Andrew is based in Auckland and the following article is based on reflections spoken at his retirement as senior minister at St Columba in Botany Downs.
Down on the farm my father taught me, when everyone is planting wheat it’s time to plant barley. There is no demand for over-supply.
As I think about this in relation to the church’s unique contribution to today’s society, I see an over-supply of some things and correspondingly an under-supply of others.
The decline of church attendance over the years is not because the church is no longer relevant but exactly the opposite. The church looks in every way, just like our society, it is no different to the world we live in. Continue reading
White Space Conversations* are a series of short papers by Andrew Norton (Moderator of the PCANZ) addressing issues of life, faith, order and imagination inviting generous, open, grace filled and robust conversations within our church.
This is the first in a series of six that will be posted each week on the moderators web page and on the PCANZ Facebook page
The word ‘politics’ is the coming together of a number of Greek words, polis- city, polites – citizen and politika – the affairs of the city.
There is a thread flowing through these words pointing toward something greater than the meaning each word contains in itself; the well-being, safety, protection, provision and benefit for everyone in the community; The creation of an ordered and civil society. Continue reading
At the end of the road
a dirt track zig zags up the mountain
into the clouds of unknowing.
To be here you must leave there
(wherever “there” is),
defying the gravity of your own importance,
the unfaithful way this busy world offers itself to you
and the blindness of a life without a horizon.
As reception fades to one intermittent bar,
contact with the outside world is all but
under this wide sky
to a wider conversation
worthy of the landscape of your soul.
Shy shadows come out from their corners,
ears hear a silence splinter granite rocks;
the lies and excuses you’ve told yourself,
and eyes are renewed by a soft gaze
as outlines become clear.
In this place,
words are surrendered to the wind,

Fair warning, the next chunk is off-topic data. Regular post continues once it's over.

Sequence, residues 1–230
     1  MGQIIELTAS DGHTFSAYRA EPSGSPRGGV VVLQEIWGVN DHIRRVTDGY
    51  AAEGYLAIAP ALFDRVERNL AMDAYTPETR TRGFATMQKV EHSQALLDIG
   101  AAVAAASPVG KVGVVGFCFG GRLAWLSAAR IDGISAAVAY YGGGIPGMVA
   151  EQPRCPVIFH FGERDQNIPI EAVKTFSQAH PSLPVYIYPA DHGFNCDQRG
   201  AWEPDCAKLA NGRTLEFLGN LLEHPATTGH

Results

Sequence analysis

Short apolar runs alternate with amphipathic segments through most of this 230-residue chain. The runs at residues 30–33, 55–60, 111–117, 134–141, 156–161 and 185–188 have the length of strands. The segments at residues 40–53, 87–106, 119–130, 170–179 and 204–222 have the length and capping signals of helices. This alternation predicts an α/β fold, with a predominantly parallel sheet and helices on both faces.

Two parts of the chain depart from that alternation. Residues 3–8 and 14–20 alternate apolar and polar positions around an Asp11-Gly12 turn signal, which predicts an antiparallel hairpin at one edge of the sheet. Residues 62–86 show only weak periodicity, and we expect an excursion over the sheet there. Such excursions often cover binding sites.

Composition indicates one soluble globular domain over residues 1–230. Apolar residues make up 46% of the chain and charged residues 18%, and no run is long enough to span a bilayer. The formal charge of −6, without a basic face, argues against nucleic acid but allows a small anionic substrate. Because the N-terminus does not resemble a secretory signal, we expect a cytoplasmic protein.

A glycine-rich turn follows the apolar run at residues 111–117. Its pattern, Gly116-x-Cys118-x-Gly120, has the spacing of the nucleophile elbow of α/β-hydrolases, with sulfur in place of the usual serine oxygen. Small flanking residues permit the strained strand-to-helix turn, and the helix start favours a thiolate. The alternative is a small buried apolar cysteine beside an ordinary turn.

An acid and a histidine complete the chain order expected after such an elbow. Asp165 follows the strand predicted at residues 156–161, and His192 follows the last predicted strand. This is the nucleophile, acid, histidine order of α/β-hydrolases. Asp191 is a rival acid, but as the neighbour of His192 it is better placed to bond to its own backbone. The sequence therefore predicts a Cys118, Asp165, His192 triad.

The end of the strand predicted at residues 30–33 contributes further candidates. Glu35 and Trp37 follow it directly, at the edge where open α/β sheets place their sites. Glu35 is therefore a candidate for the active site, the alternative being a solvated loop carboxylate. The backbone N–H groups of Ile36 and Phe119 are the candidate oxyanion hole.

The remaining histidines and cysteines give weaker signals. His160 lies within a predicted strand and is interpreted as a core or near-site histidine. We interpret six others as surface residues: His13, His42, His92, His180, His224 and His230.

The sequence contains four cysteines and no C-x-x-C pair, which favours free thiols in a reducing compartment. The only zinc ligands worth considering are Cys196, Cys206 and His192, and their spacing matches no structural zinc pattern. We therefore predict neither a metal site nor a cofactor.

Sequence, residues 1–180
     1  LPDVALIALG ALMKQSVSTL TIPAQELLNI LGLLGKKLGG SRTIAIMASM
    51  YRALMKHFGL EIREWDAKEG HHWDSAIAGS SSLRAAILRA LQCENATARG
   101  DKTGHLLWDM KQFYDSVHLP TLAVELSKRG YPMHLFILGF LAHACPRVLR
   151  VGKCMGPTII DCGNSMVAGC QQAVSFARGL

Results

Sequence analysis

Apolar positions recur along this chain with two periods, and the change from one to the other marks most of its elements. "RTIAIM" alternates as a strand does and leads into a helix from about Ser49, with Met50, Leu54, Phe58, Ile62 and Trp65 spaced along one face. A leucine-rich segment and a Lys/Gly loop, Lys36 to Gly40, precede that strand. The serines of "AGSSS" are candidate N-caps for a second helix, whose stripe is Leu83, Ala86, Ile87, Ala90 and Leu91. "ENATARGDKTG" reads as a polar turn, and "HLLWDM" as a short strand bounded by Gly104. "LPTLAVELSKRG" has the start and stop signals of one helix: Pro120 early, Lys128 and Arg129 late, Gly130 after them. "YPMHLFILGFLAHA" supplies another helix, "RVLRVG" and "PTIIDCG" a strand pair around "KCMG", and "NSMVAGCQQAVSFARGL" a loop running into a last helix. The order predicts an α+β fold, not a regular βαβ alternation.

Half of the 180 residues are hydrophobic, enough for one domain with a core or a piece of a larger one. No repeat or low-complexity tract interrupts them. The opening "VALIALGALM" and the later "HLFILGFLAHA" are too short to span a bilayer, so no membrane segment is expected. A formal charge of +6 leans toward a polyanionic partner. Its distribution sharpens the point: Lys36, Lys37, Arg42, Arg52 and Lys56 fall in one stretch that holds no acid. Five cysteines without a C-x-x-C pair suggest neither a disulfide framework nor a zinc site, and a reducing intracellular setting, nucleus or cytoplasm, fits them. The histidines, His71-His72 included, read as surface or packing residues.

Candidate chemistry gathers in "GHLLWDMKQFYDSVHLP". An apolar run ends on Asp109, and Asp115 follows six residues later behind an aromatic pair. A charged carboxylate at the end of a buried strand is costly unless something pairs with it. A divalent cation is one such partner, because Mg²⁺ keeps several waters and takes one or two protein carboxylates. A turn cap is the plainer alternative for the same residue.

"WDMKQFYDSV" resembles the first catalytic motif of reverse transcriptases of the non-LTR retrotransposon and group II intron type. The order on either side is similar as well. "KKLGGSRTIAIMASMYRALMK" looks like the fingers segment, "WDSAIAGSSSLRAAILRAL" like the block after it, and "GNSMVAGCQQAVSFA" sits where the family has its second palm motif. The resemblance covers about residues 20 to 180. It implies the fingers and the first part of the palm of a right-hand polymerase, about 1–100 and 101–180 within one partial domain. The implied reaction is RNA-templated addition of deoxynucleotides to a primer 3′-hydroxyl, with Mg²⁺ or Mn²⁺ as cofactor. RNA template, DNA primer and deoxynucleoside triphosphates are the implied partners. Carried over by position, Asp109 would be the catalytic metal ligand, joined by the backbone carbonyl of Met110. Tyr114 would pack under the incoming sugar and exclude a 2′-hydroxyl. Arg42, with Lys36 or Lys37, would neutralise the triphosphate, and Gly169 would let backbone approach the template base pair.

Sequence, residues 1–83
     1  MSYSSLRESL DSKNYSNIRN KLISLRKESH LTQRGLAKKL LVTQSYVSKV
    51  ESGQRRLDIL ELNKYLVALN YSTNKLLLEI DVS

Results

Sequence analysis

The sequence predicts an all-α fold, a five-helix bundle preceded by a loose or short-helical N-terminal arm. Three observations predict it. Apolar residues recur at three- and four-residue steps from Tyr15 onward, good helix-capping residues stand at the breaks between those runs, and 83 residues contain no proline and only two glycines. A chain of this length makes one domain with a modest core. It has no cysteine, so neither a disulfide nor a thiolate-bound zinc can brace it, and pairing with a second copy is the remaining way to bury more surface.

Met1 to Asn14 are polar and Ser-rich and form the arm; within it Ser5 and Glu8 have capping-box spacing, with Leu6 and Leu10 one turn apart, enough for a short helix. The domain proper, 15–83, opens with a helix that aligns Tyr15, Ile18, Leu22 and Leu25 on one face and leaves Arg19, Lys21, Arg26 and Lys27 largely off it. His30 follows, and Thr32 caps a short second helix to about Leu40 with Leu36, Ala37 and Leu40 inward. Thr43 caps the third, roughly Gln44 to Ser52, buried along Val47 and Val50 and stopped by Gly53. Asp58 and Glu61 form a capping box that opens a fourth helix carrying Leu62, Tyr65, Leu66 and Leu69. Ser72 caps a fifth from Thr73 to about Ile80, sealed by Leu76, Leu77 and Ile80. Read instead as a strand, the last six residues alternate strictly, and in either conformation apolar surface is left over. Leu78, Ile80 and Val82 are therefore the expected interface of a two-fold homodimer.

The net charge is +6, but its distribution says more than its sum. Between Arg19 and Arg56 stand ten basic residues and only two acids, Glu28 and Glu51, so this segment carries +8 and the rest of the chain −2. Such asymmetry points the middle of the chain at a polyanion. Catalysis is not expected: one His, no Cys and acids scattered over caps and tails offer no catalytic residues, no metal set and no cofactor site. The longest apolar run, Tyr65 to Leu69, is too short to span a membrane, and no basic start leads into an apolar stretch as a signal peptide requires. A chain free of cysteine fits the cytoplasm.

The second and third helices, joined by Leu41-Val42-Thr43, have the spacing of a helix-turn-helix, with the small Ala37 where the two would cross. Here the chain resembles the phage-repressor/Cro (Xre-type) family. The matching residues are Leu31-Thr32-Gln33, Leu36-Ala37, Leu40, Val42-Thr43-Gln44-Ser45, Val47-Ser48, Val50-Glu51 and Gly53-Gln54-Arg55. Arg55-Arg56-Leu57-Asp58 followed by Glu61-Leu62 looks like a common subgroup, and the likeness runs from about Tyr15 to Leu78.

to the arriving of your breath.
Andrew Norton 2016
One of the core practices of being “Presbyterian” is our commitment to collective discernment. Our belief is that discernment requires listening to one another and to the spirit of God and the scriptures. The result of this has been meetings, meetings and more meetings. How many meetings does it take to run a church!
My observation is that our meetings are not working.
- Our meetings are not practicing spiritual discernment. They are the collective sharing of the opinions of the opinionated and then taking a vote. These meetings favour only those who speak.
- The wrong people are at the meetings. How can we expect to make decisions about our God given futures if the very people we want to reach have no voice? Where is the voice of the minority and the voiceless; does God not speak through them also?
Every time I read the John Fox poem, When someone Deeply Listens To You, I am both undone and healed. I am invited into a new way of being in the world.
In the matters of every day, listening matters. Continue reading
I’m looking for an old soap box. Can you help?
Once upon a time when people had something to say, they took their soap box into the public square, stood up and spoke up! Continue reading
I’ve never seen a mountain be anything but a mountain, a river a river, and the sea, the sea. A mountain, a river and the sea cannot be unfaithful to their creation. They cannot be anything more or less than they are.
I’ve been told, “Be yourself,” but, do you know how hard that is? I think you do. There are a thousand voices inside and out calling you to “do this, do that and the other”. Of all creation, you and I have a choice to be, the “me-ness” of me, and the “you-ness” of you. Continue reading
When you’re down and troubled and need a helping hand and nothing is going right…
You and I need a friend. In the matters of every day, friends matter. A friend – one you can count on, who will “be there” and most of all who will hold out a welcome hand.
Friends are amazing because at the core of friendship is choice. You choose to friend and to be friended. It is the ultimate voluntary relationship. You can walk in or out of it as you please, unlike marriage and family that are complicated by contract and blood. Continue reading
Welcome to the Candour blog. In this format I will have less to say and invite more interaction and conversation around the ideas expressed.
The first task of leadership is to define reality, but what reality are we defining?
As I travel around the Church I’m finding there are three different understandings of time that are shaping the reality (realities) we live in. This is what makes planning for the future so difficult. It is a bit like being lost and asking an Irishman for directions: “if I were you, I wouldn’t get there starting from here”. Continue reading